Homeowners grow grapes for a variety of reasons, some of which include fruit production, landscaping, erosion control, privacy screens and shade. Vines are often used to cover walls, fences, arbors and various types of trellises. Each situation may require unique training and pruning as compared to growing grapes for fruit production only. However, the basic rules of training and pruning apply in all cases.
Understanding how grapes grow helps gardeners train and prune properly. A number of terms are used to describe the grape vine (Figure 1). SHOOTS are the new green growth consisting of stems, leaves, tendrils and flower and fruit clusters that develop from previously dormant BUDS located on CANES. Plants less than two years old are often entirely vegetative with no flower or fruit clusters. CANES are the matured tan colored stems of shoots after leaf fall. They contain the dormant buds from which the next seasons shoots emerge. As buds are developed almost exclusively on new wood, canes become unproductive the second year, but suppor the next generation of canes and buds. SPURS are canes pruned back to one to three buds. BRANCHES/ARMS/CORDONS are laterals from the trunk consisting of wood two or more years old. Fruiting canes become branches in their second year. NODES are the thickened portion of the shoots/canes where the leaves and lateral buds are located.
The two systems of pruning are the cane and spur methods. In the spur system, canes are pruned to two or three buds in length to accommodate European grape varieties which fruit best from the buds near the base of each cane. The cane system is used for pruning American varieties which produce more from buds near the middle of their canes, consequently they are pruned to 6 to 12 buds each. The total number of buds reserved on each plant should be about the same for either system. The spur system may have up to 20 spur canes located along permanent branches (cordons), while the cane system commonly has only 4 to 6 canes. Often home gardeners use a combination of these pruning methods when maximum fruiting is not an overriding objective.
The two common training methods are the head and cordon systems. The head system develops fruiting canes and renewal spurs near the trunk on very short branches (arms). In the cordon system, the spurs develop on long branches (cordons) that extend four to five feet laterally along trellis wires.
Although many varieties of grapes grow well in this area, gardeners can expect plant stress from heat, drought, wind and high light. Some varieties may grow normally but slower than others. Infrequently, late spring frosts kill tender buds and reduce yields. Seldom is the vine killed outright. Winter dieback may occur from desiccation when vines are young. If the trunk of younger plants is killed during winter, suckers will resprout from the roots in spring. These suckers are the same as the mother plant except when the plant is grafted on a root stock. Any sprouting from below a graft does not make a desirable replacement plant.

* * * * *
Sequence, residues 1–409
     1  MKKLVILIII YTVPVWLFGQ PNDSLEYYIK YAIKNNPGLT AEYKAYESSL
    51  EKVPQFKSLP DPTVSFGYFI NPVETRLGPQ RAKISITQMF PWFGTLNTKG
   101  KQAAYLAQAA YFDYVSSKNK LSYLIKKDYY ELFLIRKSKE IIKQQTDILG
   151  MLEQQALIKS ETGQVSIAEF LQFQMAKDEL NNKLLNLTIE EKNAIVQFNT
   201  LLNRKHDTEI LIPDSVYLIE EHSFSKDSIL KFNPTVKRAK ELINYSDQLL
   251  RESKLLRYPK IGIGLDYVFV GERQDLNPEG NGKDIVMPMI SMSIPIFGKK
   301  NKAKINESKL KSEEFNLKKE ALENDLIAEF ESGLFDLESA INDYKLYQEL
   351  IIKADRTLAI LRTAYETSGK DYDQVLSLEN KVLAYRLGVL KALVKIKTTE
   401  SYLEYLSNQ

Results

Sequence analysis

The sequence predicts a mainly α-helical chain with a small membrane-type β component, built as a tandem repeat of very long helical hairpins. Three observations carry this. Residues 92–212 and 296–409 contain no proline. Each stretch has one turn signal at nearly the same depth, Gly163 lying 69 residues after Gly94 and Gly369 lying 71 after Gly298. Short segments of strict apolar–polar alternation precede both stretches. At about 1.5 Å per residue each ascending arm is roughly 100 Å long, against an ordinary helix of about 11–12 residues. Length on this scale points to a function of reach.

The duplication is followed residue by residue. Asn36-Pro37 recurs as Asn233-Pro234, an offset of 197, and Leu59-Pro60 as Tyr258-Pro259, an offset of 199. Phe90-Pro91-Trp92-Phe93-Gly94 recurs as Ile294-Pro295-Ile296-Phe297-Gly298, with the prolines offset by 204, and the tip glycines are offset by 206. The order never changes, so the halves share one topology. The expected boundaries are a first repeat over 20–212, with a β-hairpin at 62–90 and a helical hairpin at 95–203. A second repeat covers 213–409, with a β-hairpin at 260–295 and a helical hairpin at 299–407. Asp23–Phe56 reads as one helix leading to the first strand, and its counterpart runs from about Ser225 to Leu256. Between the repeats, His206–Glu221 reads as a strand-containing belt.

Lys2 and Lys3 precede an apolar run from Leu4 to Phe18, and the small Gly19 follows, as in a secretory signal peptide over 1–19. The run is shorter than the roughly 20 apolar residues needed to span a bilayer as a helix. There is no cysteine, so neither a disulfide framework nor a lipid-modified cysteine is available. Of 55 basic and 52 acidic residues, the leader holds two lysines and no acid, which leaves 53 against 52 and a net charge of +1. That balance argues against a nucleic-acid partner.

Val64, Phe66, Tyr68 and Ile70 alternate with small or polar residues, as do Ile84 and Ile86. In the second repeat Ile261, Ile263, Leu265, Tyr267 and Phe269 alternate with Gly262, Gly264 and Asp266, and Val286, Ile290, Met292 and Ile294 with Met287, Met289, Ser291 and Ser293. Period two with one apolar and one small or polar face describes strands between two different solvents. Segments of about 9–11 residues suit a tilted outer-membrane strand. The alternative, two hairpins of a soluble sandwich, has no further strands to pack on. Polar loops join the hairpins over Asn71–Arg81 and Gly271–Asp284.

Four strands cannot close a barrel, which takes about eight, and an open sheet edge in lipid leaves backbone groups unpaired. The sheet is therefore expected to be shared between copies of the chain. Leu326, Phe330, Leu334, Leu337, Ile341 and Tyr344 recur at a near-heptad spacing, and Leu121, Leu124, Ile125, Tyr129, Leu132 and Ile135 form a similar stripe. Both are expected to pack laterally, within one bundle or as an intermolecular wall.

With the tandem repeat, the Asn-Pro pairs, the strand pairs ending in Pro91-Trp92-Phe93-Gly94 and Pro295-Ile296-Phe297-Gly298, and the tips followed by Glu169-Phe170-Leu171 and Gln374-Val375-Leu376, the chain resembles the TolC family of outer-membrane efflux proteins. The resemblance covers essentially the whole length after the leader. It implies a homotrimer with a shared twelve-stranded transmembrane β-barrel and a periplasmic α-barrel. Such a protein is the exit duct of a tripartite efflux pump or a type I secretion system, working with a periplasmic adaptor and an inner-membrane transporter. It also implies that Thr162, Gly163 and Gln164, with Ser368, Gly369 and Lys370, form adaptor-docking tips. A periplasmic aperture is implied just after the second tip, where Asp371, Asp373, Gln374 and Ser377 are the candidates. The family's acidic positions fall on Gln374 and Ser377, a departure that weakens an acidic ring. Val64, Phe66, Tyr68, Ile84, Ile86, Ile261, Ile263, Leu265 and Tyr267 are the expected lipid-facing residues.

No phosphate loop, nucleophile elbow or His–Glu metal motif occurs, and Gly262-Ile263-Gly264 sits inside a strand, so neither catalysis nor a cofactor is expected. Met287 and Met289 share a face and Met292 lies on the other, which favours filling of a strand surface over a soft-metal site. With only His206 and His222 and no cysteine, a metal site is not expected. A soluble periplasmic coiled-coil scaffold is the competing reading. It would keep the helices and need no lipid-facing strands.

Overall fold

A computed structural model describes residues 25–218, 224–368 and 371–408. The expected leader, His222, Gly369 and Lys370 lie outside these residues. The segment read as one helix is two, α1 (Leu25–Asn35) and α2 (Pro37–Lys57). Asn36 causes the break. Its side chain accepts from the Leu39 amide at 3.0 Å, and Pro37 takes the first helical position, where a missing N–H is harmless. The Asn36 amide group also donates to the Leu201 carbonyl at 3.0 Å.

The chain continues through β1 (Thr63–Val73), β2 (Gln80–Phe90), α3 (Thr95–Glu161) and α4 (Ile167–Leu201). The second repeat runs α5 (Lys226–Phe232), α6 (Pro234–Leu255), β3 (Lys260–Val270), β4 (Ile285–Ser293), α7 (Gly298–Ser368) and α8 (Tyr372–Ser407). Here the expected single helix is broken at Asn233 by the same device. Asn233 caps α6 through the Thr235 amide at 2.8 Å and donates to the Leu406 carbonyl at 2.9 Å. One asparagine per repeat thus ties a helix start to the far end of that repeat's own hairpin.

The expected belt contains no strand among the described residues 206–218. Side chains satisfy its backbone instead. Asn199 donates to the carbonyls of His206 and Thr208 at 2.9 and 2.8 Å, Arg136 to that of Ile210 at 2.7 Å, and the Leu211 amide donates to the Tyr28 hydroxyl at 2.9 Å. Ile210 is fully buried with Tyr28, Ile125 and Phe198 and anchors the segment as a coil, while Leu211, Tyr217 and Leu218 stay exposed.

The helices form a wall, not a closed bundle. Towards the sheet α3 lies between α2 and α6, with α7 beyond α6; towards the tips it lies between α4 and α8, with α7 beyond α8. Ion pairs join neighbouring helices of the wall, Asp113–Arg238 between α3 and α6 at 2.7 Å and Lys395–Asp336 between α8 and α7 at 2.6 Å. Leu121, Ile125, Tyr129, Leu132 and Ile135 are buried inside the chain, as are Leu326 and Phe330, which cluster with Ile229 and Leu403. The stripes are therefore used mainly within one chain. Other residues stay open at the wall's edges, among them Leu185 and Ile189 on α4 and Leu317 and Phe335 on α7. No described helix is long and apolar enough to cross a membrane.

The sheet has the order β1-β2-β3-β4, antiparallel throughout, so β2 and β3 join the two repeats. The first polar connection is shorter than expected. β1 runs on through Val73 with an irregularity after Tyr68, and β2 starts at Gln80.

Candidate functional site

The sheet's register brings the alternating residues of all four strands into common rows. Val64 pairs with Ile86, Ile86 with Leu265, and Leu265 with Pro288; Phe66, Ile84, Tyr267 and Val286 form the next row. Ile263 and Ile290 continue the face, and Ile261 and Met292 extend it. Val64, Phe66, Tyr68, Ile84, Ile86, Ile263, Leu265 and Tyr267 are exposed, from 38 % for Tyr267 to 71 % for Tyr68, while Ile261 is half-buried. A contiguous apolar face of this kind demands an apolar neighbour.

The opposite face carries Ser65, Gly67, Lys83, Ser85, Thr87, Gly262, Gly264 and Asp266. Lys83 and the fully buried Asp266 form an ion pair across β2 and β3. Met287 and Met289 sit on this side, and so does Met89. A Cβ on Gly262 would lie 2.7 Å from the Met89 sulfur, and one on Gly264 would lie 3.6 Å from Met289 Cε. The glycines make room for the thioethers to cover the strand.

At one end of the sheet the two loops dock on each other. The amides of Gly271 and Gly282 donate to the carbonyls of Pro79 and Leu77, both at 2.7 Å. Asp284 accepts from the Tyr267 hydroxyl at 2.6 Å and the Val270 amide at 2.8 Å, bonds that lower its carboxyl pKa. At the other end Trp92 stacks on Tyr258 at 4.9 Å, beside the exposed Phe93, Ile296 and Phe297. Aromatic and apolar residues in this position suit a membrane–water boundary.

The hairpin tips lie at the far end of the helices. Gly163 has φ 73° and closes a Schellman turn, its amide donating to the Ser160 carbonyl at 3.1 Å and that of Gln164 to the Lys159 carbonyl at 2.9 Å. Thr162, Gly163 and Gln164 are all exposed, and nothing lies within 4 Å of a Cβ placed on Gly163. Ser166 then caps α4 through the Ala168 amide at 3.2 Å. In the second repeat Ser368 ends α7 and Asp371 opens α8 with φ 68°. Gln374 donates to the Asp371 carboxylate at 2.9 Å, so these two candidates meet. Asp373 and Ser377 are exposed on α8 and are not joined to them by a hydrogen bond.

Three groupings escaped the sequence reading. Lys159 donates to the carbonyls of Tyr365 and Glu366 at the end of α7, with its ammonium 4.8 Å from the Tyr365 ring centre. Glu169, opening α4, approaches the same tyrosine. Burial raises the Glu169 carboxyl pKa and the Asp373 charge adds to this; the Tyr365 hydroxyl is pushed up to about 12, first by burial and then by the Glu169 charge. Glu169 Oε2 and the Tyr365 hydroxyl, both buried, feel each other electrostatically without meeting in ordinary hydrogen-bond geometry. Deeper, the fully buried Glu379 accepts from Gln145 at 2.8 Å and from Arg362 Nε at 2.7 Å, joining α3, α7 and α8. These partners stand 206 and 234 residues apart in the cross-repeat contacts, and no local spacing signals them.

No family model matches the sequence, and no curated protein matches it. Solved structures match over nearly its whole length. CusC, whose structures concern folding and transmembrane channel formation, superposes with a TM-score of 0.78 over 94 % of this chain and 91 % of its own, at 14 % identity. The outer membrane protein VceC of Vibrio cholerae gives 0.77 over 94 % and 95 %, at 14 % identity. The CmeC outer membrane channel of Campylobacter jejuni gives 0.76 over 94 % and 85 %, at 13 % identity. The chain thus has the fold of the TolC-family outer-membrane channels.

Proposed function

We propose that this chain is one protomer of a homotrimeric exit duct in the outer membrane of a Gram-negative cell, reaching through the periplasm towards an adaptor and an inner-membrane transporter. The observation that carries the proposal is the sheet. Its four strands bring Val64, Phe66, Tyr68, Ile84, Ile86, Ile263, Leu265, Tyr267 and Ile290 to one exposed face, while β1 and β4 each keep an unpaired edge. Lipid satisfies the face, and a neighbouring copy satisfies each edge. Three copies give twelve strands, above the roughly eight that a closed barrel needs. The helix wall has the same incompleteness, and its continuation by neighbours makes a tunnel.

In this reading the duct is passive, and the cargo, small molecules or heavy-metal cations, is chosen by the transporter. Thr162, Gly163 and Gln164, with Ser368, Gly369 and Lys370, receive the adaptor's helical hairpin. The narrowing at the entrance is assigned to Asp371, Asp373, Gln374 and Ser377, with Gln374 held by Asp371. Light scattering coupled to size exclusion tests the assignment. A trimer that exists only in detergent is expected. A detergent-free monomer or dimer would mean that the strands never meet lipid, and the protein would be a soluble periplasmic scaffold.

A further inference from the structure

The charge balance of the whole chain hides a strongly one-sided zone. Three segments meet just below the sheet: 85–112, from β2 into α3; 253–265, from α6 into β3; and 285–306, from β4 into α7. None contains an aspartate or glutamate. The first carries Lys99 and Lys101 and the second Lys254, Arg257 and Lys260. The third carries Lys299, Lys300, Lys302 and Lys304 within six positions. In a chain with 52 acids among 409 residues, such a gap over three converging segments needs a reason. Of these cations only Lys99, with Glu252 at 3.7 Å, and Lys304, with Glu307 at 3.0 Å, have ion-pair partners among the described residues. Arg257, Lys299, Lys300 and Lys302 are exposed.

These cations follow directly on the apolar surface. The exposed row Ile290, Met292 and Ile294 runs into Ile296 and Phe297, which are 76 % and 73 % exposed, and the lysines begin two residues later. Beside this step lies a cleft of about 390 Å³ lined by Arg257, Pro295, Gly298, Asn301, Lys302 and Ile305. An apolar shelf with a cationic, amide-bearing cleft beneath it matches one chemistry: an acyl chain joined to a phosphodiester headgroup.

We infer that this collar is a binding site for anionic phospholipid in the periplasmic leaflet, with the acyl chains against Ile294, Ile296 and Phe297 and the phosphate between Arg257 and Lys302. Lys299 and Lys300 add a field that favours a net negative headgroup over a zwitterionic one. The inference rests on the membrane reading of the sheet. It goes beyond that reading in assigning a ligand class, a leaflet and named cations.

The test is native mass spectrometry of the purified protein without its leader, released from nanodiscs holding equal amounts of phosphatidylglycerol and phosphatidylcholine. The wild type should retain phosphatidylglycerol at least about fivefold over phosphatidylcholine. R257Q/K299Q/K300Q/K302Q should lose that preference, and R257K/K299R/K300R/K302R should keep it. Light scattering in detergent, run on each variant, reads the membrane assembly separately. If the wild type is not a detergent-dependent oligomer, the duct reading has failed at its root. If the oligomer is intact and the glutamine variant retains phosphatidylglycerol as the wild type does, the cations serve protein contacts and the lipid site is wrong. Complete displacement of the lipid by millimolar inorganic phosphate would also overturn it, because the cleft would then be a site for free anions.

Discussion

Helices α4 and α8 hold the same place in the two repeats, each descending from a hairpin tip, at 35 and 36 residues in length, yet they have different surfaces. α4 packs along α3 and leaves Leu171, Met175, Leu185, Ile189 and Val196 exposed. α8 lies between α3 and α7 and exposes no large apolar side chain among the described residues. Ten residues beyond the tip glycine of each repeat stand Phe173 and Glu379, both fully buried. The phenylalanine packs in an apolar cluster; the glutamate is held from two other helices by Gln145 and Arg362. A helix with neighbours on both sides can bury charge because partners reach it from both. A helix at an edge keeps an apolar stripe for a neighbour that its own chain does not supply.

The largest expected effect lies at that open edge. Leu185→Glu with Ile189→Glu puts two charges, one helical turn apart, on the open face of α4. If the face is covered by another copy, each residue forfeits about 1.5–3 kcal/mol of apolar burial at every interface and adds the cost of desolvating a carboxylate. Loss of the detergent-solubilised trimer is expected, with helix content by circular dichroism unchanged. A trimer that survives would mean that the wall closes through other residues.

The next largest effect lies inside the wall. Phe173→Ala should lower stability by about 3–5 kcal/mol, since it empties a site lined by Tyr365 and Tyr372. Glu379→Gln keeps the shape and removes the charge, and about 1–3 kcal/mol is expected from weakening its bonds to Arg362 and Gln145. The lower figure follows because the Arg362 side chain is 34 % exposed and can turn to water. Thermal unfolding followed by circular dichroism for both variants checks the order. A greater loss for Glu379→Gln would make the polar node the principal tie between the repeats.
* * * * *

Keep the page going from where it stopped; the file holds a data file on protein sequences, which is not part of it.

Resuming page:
Depending upon the grape variety, site and climatic conditions, fast growing plants may develop a trunk with lateral canes during the second year. These canes can then produce shoots and some fruit during the third season. A year's setback may occur with winter kill. Maximum fruit production usually occurs after the fifth or sixth year. Where late springs frosts are common or expected, delay pruning until just before spring bud break. This timing facilitates selection of viable canes and maintains plant twigginess that helps protect buds from mild spring frosts
High light in southern Nevada along with drying winds and droughty soils may cause leaves and fruits to sunburn if not protected. It is recommended that vines be trained to a trellis without spreading arms. A fence works well. Training grapes along a wire suspended from a cross arm on a fence or trellis exposes the leaves and fruits to more light and drying winds. Tender leaves and fruits sunburn. Otherwise, the outer leaves shade and protect inner leaves and fruit from the direct sun. Interestingly, grape fruits do not require direct sunlight to ripen. Do not spread the canopy out or much of the fruit will be damaged under southern Nevada conditions.
Illustrations may show only half of the plant and are drawn without leaves to reflect the dormant stage. The following discussion encompasses three objectives of training and pruning: fruit production, landscape beautification and managing older untrained vines.
For the complete article and tips on training and pruning for maximum fruit production use the link below.
Extension's Communication Team
Wolf, F., and Johnson, W. S., 1995, Training and Pruning Grapes in Southern Nevada, Extension, University of Nevada Reno, FS-95-04
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